This has been a most significant Memorial Day weekend, beginning with recollections occurring a couple of days prior to the last Monday in May. I posted an article on my Examiner.com page in recognition of Memorial Day, providing some historical background and a listing a number of local celebrations here in the Central Ohio region. After publishing the article, I decided to add a youtube video, A Memorial Day Tribute, featuring a narration and performance of Psalm 23 by Kathy Trocolli, a contemporary Christian artist. While viewing the video, I was deeply moved, as I reflected upon some of the veterans whom I knew who were now deceased. Among those I thought about were my grandfather, Sampson Johnson, a World I War veteran who died a decade before I was born;
My father, Lonnie Johnson, a World War II veteran, contributed so much to success on so many fronts;
Other vets included, my former brother-in-law, Elliott Thompson, who served in the Air Force, whose valiant fight against cancer inspired me and impacted me in an immeasurable way.
I also thought of Uncle Prince Albert Crosby, “a veteran twice-over,” having served in the Navy and in the Army.
In 1967 I was drafted into the Army and completed my basic training before being sent to San Antonio where I was introduce to classroom teaching. In reflecting on that period, I also happened to recall another veteran who served in the Army with me as a pharmacy instructor at Fort Sam Houston during the Vietnam War period from 1967-1969. We both went through the Faculty Development Training Program at the Medical Field Service School in San Antonio, and we were both assigned as instructors who trained pharmacy technicians. Although we were both drafted into the Army, he had signed up for an additional year in order to ensure that he received a pharmacy position after basic training, but I had not signed up for the additional year, yet I also had obtained a pharmacy position. There was a greater possibility of receiving orders for Vietnam for those who had an additional year of service than for those, like me, who had less than 2 years remaining. We served together as fellow instructors for five or six months, but before the year ended, he received orders for “Nam,” as we called it. Sometime after the first of the year, we received notice that he had been killed while serving in Vietnam. Countless times I have reflected upon that time period in my life, as my heart overflows with gratitude to God for having gone through my period of service to my country and returning with “more than a reasonable portion of health and strength and a sound mind.”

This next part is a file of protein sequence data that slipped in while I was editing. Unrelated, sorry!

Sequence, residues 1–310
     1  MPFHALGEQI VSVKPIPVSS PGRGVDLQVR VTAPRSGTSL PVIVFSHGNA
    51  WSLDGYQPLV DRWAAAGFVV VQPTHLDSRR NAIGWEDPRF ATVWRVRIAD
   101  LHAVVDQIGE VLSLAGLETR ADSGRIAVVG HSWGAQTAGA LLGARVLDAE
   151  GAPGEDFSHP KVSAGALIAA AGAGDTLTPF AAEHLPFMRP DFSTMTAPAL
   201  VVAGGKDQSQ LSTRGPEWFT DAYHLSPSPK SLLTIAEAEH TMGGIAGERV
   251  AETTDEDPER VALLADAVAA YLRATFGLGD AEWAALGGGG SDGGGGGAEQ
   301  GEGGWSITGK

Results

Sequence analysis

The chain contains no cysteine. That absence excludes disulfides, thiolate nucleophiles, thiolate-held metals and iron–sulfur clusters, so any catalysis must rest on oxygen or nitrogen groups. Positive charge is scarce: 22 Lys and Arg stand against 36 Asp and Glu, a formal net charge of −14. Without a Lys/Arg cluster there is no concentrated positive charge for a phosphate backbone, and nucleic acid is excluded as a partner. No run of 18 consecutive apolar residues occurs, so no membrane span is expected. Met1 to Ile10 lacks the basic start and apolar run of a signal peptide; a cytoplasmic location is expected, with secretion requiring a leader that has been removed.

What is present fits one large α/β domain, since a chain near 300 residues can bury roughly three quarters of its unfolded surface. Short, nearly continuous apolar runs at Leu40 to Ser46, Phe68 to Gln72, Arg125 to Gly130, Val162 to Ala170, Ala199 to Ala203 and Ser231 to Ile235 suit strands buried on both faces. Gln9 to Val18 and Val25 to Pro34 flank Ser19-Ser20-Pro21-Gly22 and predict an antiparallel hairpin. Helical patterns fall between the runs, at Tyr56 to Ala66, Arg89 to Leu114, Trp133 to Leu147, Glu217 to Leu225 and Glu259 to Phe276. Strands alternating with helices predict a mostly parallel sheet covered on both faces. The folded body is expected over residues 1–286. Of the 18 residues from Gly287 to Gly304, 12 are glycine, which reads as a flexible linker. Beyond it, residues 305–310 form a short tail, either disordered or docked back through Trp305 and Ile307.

About ten years ago, I visited the Vietnam Memorial in Washington, DC, and I was overwhelmed as I viewed the inscribed names of those who sacrificed their lives in service to our nation. During that time I recalled the last name of my fellow pharmacy instructor, and I found his name on the Wall. Last week I found his name on the website for the Vietnam Veterans Memorial, and I could not hold back the tears when I read that my fellow serviceman was from Kentucky, the place where I completed my basic training at Fort Campbell in 1967 and the state where I presently teach a Communications course at the Louisville Teaching Center for Indiana Wesleyan University. In light of these circumstances, Memorial Day, 2011, has been especially memorable for me.
As I reflect upon my term of service in the Army, I recognize that God has always been “My Hiding Place,” as the lyrics to the song by Don Moen so clearly reveal.